At the same time, bond markets started a measured slow-down as Federal Reserve tapering of quantitative easing in the US became a reality.
Overall, it was better to be in those sectors with the highest equity content. The average fund in the IMA Flexible Investment universe delivered 14.54 per cent in 2013, while the Mixed Investment 40-85% shares returned 14.47 per cent, the Mixed Investment 20-60% shares 8.85 per cent and the Mixed Investment 0-35% shares just 4.2 per cent.
This also applied within fund sectors. FE Analytics data shows the average fund in the Mixed Investment 40-85% shares sector had a 70.3 per cent weighting to equities, with all of the funds in this sector overweight equities, bar two. Although the top-performing fund – CF Odey Portfolio – has lower equity exposure, it has an extra 7 per cent in hedge funds, which have a high exposure to equities. Seven of the top 10 funds in the sector are at or near maximum equity exposure (for example more than 80 per cent)
The same was true in the mixed asset 20-60% shares sector, although the contrast was less marked. Data shows that the average fund in the sector has an equity weighting of 50 per cent. Among the top 10 best-performing funds over 2013, fixed income was kept to moderate levels. The Kames Ethical Cautious Managed fund, for example, had roughly 38.2 per cent in fixed income. The top performers with lower equity weightings, such as Invesco and Artemis, tended to have a higher proportion in non-investment grade bonds, which also had a strong year.
That said, it was not enough merely to have a high weight to equities; it had to be the right sort of equities as well – cyclical rather than defensive. This was the great strength of the Kames fund. Manager Audrey Ryan says it included selective domestic and financials plays alongside opportunities in businesses with ‘self help’ characteristics and those with technology related growth such as online gaming growth beneficiaries, Playtech and Perform.
She adds: “Recently, the fund has increased exposure to global industrial plays, specifically those with European exposure. There has also been a move towards businesses likely to gain from improving corporate cap-ex spend.”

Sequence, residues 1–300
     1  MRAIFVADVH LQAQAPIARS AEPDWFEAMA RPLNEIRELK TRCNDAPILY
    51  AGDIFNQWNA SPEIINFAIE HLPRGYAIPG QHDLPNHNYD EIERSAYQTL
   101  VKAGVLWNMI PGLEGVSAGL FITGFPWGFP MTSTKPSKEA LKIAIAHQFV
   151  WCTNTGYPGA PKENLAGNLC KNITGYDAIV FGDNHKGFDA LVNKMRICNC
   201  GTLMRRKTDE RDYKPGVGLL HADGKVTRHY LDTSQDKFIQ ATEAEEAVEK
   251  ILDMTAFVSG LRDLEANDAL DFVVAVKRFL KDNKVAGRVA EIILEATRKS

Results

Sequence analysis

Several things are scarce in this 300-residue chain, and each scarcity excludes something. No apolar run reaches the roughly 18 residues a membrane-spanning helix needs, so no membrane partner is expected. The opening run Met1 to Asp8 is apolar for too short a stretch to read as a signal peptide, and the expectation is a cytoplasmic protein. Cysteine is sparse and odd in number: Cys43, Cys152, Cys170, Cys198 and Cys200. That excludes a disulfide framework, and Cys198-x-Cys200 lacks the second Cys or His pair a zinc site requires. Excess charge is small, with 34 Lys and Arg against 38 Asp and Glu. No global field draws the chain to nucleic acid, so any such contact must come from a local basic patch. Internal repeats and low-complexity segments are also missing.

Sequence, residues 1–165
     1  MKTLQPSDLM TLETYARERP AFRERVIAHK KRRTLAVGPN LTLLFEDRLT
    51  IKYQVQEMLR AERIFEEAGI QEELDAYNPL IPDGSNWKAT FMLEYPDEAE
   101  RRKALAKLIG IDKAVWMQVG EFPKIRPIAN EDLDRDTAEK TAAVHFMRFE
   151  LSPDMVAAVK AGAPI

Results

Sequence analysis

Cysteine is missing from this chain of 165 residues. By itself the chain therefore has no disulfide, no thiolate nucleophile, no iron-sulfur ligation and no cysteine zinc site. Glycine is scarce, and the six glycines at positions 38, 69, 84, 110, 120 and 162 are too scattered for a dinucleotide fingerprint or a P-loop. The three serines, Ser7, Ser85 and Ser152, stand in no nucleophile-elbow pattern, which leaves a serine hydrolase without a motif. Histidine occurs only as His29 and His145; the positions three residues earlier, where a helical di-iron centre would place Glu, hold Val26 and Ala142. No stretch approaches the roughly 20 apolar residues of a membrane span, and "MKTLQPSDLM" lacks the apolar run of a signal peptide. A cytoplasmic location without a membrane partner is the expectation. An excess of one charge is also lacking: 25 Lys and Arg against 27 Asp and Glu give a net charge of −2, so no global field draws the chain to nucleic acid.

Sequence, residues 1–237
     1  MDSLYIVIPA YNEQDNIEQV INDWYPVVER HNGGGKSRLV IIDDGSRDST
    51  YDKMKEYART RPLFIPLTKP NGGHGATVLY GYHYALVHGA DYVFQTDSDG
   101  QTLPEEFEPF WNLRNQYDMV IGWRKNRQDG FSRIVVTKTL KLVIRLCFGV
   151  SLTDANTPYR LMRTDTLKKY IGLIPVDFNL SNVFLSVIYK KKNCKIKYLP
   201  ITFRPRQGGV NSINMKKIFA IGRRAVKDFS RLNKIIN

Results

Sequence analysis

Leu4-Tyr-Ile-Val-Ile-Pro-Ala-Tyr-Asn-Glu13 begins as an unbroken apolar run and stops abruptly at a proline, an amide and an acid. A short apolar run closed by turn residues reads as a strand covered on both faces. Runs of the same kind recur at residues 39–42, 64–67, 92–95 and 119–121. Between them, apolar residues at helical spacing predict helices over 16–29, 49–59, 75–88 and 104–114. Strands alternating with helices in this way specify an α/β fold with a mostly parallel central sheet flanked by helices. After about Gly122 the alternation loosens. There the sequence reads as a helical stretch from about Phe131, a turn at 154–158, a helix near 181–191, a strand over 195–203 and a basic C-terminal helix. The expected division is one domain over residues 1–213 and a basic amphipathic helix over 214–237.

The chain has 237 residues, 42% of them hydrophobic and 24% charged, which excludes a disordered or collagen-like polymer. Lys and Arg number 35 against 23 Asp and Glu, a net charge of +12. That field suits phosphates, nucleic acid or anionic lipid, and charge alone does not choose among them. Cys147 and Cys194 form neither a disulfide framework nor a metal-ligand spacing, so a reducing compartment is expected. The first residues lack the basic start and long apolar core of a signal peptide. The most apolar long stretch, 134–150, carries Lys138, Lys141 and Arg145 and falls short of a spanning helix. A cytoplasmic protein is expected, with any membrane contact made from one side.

In other words, the fund positioned itself towards cyclical stocks from early in the year and has therefore participated fully in the recovery.
At the other end of the spectrum, those funds holding defensive equities suffered, failing to keep up with the rally. For example, the L&G Multi Manager Income fund suffered from having the ‘wrong’ type of equities, holdings stocks such as BAT.
Clive Hale, partner at Albemarle Street Partners, says: “Within equities, it was important to be selective. The US and UK markets had good years, while Europe and emerging markets were more mixed.”
One of the key characteristics of the top performers was not only where they were invested, but where they weren’t. Few, if any, held emerging market debt and emerging market equity holdings were also low. Equally, few held gilts. In contrast, funds such as the Aviva Investors Diversified Strategy had relatively high gilt exposure combined with a 15 per cent exposure to emerging markets – 10 per cent in emerging market bonds and 5 per cent in equities. This ensured that it languished towards the bottom of the league tables over the year.
Some managers were still holding gold during the year, often as a hedge against inflation, but it proved a painful bet during 2013: the gold price slipped from more than $1,600 an ounce at the start of the year, to roughly $1,200 at the end. Managers such as Sebastian Lyon of the Troy Trojan fund saw their long-term track record dented by holdings in gold over the year. Mr Hale says: “Gold was a nightmare last year for those managers trying to hedge the downside risks.”
In general, it was those who were too cautious that paid the price. It was a year for risk takers, but it had to be the right kind of risk – cyclical equities, high yield bonds, but avoiding emerging markets and commodities. It was a year to test the mettle of any mixed asset manager.
Cherry Reynard is a freelance journalist